By Douglas Waller
Newt Gingrich, who served as Speaker of the House of Representatives from 1995 to 1999, was once the right's rebel leader. But his slash-and-burn politics backfired, and Republican members of Congress, who took a beating in the 1998 elections, ousted him as Speaker. Defeat hasn't silenced Gingrich, however. TIME's Douglas Waller finds out what's on his mind today.
WHAT ARE YOU DOING THESE DAYS? I spend about 40% of my time as a citizen working on national-security and health issues, and about 60% earning a living as a consultant, making speeches, writing books and being a TV commentator.
WHAT POLITICAL IDEAS ARE YOU PUSHING NOW? If you look at science, technology and entrepreneurship, the 21st century ought to be a century of more choices, greater quality and lower cost. I'm trying to take this very simple model and teach companies how to apply it and governments how to change to encourage it.
SPEAKING OF SCIENCE, WHAT'S CAUGHT YOUR EYE IN THE FIELD? I'm doing a fair amount of work on nanoscale. It's the science of [the] very small: one atom up to about 400 atoms. Imagine if you can take 3 million little nanopills in the morning with orange juice, and they run through your body eating each cancer cell. Or imagine a detector that senses a potential nuclear weapon by just picking out three or four atoms in the air. You'd have much greater safety against terrorists.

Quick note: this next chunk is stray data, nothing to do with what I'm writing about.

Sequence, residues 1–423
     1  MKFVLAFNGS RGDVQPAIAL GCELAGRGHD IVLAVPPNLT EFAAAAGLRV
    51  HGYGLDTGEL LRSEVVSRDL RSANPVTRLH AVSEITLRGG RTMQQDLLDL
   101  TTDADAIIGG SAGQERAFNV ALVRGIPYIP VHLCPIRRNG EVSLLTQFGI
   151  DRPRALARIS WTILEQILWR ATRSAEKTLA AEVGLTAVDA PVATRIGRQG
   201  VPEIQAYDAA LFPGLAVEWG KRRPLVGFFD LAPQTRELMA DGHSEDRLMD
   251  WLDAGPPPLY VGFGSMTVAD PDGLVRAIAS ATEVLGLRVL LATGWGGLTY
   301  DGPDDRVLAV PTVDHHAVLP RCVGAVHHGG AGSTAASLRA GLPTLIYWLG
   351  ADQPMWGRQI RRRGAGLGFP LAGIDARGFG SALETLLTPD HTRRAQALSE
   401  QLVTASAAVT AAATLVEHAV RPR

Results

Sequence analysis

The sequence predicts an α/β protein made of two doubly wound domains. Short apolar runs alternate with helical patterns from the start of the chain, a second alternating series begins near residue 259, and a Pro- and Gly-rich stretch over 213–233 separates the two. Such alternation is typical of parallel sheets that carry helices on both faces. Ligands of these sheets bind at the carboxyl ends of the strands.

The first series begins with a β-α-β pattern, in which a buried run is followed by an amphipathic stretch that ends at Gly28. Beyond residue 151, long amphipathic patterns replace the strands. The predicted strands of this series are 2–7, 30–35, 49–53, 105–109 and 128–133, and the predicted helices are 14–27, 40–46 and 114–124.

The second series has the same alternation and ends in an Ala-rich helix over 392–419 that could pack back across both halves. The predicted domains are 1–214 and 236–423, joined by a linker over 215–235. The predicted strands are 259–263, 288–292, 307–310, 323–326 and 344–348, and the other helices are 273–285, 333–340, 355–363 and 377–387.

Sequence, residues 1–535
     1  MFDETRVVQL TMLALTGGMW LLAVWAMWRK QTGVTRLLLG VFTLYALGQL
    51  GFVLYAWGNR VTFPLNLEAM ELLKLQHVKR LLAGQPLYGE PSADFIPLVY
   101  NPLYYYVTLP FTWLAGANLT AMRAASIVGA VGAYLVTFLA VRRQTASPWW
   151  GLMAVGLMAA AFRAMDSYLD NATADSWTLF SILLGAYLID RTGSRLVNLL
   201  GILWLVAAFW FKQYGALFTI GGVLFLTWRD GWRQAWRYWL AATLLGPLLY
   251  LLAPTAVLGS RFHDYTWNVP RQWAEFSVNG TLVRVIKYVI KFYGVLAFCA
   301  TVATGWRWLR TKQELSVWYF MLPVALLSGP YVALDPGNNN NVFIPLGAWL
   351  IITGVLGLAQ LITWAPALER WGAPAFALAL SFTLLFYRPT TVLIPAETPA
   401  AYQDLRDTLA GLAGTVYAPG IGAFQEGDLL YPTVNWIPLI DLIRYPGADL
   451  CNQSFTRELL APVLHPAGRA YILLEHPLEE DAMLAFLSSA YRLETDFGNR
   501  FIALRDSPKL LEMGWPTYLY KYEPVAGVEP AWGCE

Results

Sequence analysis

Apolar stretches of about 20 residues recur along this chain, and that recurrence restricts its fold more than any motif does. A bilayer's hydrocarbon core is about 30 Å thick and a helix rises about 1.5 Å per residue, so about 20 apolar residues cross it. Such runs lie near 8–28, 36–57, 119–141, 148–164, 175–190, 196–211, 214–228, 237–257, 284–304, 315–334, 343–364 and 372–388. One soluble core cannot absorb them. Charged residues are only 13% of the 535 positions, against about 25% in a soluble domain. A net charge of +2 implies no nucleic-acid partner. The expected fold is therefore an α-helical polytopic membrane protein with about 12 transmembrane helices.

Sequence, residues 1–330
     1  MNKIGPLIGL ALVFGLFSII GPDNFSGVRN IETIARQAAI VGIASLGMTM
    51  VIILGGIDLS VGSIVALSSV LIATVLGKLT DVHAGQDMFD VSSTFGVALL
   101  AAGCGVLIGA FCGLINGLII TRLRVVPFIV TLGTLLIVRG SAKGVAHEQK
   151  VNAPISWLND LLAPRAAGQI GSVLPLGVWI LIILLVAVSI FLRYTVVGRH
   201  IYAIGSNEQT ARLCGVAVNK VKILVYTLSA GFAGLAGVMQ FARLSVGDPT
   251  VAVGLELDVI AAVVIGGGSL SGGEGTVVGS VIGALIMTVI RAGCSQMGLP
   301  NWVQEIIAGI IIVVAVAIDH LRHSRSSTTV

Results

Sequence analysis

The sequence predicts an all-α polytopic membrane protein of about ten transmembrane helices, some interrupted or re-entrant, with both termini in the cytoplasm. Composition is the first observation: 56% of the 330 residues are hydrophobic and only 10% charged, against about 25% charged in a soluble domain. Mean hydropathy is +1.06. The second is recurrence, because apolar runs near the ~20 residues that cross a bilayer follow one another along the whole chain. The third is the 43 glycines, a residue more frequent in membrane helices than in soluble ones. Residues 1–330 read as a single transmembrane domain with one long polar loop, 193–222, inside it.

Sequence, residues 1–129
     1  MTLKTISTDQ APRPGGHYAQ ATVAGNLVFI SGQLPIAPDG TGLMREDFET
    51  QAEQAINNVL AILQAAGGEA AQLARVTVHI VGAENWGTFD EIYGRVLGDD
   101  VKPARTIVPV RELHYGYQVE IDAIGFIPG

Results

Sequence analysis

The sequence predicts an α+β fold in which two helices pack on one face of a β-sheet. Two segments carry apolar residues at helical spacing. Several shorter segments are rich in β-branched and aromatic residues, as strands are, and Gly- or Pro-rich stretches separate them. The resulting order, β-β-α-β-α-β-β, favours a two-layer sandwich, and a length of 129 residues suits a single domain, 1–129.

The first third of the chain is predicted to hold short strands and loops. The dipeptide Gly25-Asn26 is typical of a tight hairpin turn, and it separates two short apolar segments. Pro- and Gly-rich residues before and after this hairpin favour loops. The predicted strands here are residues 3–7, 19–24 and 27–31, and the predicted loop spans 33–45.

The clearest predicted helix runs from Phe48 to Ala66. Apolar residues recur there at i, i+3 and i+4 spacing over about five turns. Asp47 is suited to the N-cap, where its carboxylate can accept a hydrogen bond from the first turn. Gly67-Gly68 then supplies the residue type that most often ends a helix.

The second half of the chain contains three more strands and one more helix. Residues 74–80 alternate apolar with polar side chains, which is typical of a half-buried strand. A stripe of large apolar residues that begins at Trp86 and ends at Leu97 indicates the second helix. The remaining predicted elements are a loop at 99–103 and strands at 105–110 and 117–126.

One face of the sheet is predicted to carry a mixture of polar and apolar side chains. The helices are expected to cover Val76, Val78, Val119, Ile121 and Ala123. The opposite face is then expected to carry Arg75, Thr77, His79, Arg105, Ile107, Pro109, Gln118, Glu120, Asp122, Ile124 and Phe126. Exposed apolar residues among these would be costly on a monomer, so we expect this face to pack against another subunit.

DO YOU MISS BEING SPEAKER? No.
ANY INTEREST IN RUNNING FOR PRESIDENT? No. I'm very happy developing ideas right now.
IS GEORGE W. BUSH A GINGRICH CONSERVATIVE? In style he's clearly not. But he is in philosophy. In 1998 I talked about personal Social Security accounts, additional tax cuts and stronger defense. He is a more effective bipartisan leader, and I was probably a more aggressive partisan leader.
HAVE YOU TALKED TO BUSH SINCE HE BECAME PRESIDENT? No. But I talk regularly to [Vice President Dick] Cheney, [National Security Adviser Condi] Rice and [White House Counsellor Karl] Rove. I also work with [Defense Secretary Donald] Rumsfeld a great deal.
WHICH REPUBLICAN HAS THE BEST CHANCE OF SUCCEEDING BUSH IF HE SERVES EIGHT YEARS? Jeb Bush. Why not keep it in the family? The buttons are already made up.
YOUR HALF SISTER, CANDACE, IS GAY. ROSIE O'DONNELL, WHO HAS COME OUT OF THE CLOSET, SAYS GAYS SHOULD BE ALLOWED TO ADOPT CHILDREN.
SHOULD THEY? There are a lot of practical relationships that we ought to find a way to accommodate. If your partner ends up in the hospital, there ought to be some ability to visit that partner. But I'm not in favor of creating the notion of gay marriage or gay adoption.
DID THE REPUBLICAN PARTY BECOME TOO STRIDENT UNDER YOUR SPEAKERSHIP? Go back to that period and look at the 125,000 negative ads run by the other side. The cover your magazine did of me after I was elected Speaker showed me as Scrooge holding Tiny Tim's broken crutch. That was over the top. On the other hand, if Bush had been President, I would have been a pussycat.